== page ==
My daughter is learning to ride her bike, and if you know her history with physical coordination—or lack thereof—you will immediately hit your knees in prayer for us. I’m not even Catholic and it’s crossed my mind to pull out a rosary, just to cover my bases. If anybody’s got candles, just light ‘em for good measure. This poor girl is THAT legendary. She has many strengths, but coordination probably would not be anywhere near that list. Like, maybe not even in the same time zone. I won’t tell you about our 2 ER visits because, frankly, I’m so sick of hearing the story that I don’t want to tell it one more time. Let’s just say that we didn’t let her get within 10 feet of her bike until we got her a helmet, and every time she gets on it, Ben stays within arms reach of her. Maybe she’ll grow out of this clumsy phase and be an amazing athlete someday, but for now we’re playing it safe.
The other night we went for a family walk and let Audrey ride her bike to practice. It ended up being more of a family “stop-and-go” than a continuous walk. I think she, too, feels tentative due to her first bike encounter (one of the aforementioned ER visits), so she pedals a few times, and then hits the brakes. Another problem we’re working on is keeping her eyes on what’s in front of her instead of looking down at her feet, or at the trees, or the flowers, or “oh, look! A squirrel!” Yeah, she’s pretty distract-able. (Come to think of it, I should just start praying now for when she’s 16.) So on one of the occasions that she was fascinated by the scenery instead of where she was going and how fast, she got a little out of control. She barreled straight into a flower bed and began tipping over until Ben barely caught her by the arm at the last second. In an outburst of panic and frustration she blurted out “I don’t think these training wheels are working!!!!”
Apparently, our daughter was under the impression that training wheels are like all-encompassing magic safeguards that keep anything bad from happening to you while on your bike. In her mind it was as if the training wheels were the bumpers you put on a bowling lane to keep your 2 year old from getting a gutter ball-they’re foolproof. As my husband and I realized what was going on in her brain, we fumbled over each other to quickly explain away the misconception. “They’re not going to keep you from running off the road!” “They can’t stop you from hitting things!” “You still have to watch where you’re going!” “You still have to steer!” “You still have to use your brakes!” All that was a little overwhelming for her, so we just encouraged her to try again, and reassured her that with practice she’d get the hang of it (we hope).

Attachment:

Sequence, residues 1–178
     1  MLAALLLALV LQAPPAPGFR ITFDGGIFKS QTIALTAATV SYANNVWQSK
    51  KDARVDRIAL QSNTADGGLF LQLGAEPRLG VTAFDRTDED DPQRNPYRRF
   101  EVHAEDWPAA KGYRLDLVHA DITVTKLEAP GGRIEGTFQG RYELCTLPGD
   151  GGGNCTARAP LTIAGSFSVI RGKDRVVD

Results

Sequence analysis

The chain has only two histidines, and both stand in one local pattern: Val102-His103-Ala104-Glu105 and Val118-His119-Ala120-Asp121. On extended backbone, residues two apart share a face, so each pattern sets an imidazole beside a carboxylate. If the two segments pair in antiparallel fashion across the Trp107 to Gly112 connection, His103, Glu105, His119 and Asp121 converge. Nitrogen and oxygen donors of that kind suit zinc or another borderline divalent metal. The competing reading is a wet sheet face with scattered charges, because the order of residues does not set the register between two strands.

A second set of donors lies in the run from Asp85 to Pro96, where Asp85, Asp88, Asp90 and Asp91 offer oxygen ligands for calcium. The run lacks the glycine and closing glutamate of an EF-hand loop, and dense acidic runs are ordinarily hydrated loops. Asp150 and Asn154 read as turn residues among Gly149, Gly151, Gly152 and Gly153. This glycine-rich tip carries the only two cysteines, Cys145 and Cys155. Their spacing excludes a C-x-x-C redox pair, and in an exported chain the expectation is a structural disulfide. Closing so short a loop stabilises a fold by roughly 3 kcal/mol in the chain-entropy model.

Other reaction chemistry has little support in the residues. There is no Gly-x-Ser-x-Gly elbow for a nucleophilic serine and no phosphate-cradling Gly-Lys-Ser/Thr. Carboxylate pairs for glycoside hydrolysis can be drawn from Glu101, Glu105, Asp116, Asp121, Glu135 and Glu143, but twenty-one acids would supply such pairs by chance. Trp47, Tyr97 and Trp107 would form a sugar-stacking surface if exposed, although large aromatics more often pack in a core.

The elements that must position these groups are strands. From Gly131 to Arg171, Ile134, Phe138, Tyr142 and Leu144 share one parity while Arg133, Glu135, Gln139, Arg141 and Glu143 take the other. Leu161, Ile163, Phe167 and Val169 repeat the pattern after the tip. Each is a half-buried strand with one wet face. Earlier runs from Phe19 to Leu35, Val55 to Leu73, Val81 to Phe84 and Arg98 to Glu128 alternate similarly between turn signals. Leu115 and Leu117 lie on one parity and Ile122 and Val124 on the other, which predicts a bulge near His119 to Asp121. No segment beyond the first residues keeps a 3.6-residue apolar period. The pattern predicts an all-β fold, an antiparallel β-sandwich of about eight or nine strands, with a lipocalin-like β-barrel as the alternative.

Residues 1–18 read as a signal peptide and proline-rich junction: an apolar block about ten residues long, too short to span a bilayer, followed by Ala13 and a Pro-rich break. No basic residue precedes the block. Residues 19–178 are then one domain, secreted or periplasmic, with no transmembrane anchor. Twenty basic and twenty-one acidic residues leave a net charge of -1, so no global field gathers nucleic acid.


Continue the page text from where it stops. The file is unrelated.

I realized today that I sometimes view God as my “magic training wheels.” I want him to instantly make me a perfectly smooth, skilled biker who balances gracefully, never makes mistakes, and all with no real effort on my part. I don’t want to have to steer, pedal, learn the feel of my handlebars or brakes, or keep my eyes on the road. I just want my magic training wheels to take me to my destination safely.
I want God to fix my brokenness, make me like him, and do that pretty much in a magical instant. I want to magically exhibit the love, joy, peace, patience, etc. of Jesus, without the hard choices that get me there. You see, part of the good news of Jesus is that when we come to him with nothing, and give him our lives, he gives us himself. That’s why the image of baptism is so powerful and important: the person I used to be dies with Christ, is buried, and I am raised to life by God’s resurrection power, and the life I now live is in Christ.
“…This means that anyone who belongs to Christ has become a new person. The old life is gone; a new life has begun!”
-2 Corinthians 5:17
“For he raised us from the dead along with Christ and seated us with him in the heavenly realms because we are united with Christ Jesus.”
I am a new creation in Christ—that is absolutely true. I am united with Christ and Christ lives in me. But that doesn’t mean I’m perfect yet. It means the Holy Spirit resides in me, and it means God is working in me—shaping and changing me into his image more and more. But that’s the key: more and more. It’s a process. And I’m a part of that process. I can make choices that submit to that holy work in me, or hinder the process. I must choose every day to seek God, to listen to God’s voice, to notice his presence, and to obey. I must choose every day to love God with everything I have and to love everyone else—my neighbor as well as my enemy.
You see, just like the scriptures above, this is equally as true:
“Let perseverance finish its work so that you may be mature and complete, not lacking anything.”
Paul even talks about a thorn in his flesh, presumably a stumbling block, a weakness, that he asked God to take away. Much to my chagrin, God didn’t. Instead, he says…
“My grace is sufficient for you, for my power is made perfect in weakness.”
2 Corinthians 12:9
I don’t know why God chooses to work this way—in a long, slow process that actually involves me, instead of an instantaneous “personality transplant”. But even when it’s hard, I think it’s beautiful. It’s beautiful that all of these things are true. All of these things are true. We are changed. We are being changed. God works miracles in us, and we also participate in that change. It’s both.
So I’m choosing to look for the miraculous work of God inside me. And I’m doing the hard work of making the daily choices to cooperate with his miracles. God, shape me. God, help me to submit to the shaping.